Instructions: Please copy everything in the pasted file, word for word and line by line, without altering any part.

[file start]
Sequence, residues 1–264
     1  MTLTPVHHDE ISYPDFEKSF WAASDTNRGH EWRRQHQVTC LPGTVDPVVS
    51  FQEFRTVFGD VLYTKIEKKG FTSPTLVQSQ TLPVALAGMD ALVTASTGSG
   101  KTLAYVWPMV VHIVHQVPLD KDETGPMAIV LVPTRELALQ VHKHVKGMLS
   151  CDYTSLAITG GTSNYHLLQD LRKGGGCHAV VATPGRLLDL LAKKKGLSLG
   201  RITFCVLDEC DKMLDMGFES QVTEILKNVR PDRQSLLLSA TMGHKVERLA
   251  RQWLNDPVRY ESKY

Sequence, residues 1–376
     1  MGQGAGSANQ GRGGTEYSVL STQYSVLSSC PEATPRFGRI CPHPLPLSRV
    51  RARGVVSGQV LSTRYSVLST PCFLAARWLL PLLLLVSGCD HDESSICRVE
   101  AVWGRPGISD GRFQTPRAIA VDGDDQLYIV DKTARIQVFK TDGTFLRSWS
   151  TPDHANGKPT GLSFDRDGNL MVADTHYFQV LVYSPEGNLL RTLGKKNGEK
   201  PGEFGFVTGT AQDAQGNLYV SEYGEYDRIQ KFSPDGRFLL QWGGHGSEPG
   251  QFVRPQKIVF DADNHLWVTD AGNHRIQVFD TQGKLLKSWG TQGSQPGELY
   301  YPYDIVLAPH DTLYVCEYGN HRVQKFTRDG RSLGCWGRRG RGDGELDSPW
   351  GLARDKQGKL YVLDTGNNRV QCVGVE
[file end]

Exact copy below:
Sequence, residues 1–264
     1  MTLTPVHHDE ISYPDFEKSF WAASDTNRGH EWRRQHQVTC LPGTVDPVVS
    51  FQEFRTVFGD VLYTKIEKKG FTSPTLVQSQ TLPVALAGMD ALVTASTGSG
   101  KTLAYVWPMV VHIVHQVPLD KDETGPMAIV LVPTRELALQ VHKHVKGMLS
   151  CDYTSLAITG GTSNYHLLQD LRKGGGCHAV VATPGRLLDL LAKKKGLSLG
   201  RITFCVLDEC DKMLDMGFES QVTEILKNVR PDRQSLLLSA TMGHKVERLA
   251  RQWLNDPVRY ESKY

Sequence, residues 1–376
     1  MGQGAGSANQ GRGGTEYSVL STQYSVLSSC PEATPRFGRI CPHPLPLSRV
    51  RARGVVSGQV LSTRYSVLST PCFLAARWLL PLLLLVSGCD HDESSICRVE
   101  AVWGRPGISD GRFQTPRAIA VDGDDQLYIV DKTARIQVFK TDGTFLRSWS
   151  TPDHANGKPT GLSFDRDGNL MVADTHYFQV LVYSPEGNLL RTLGKKNGEK
   201  PGEFGFVTGT AQDAQGNLYV SEYGEYDRIQ KFSPDGRFLL QWGGHGSEPG
   251  QFVRPQKIVF DADNHLWVTD AGNHRIQVFD TQGKLLKSWG TQGSQPGELY
   301  YPYDIVLAPH DTLYVCEYGN HRVQKFTRDG RSLGCWGRRG RGDGELDSPW
   351  GLARDKQGKL YVLDTGNNRV QCVGVE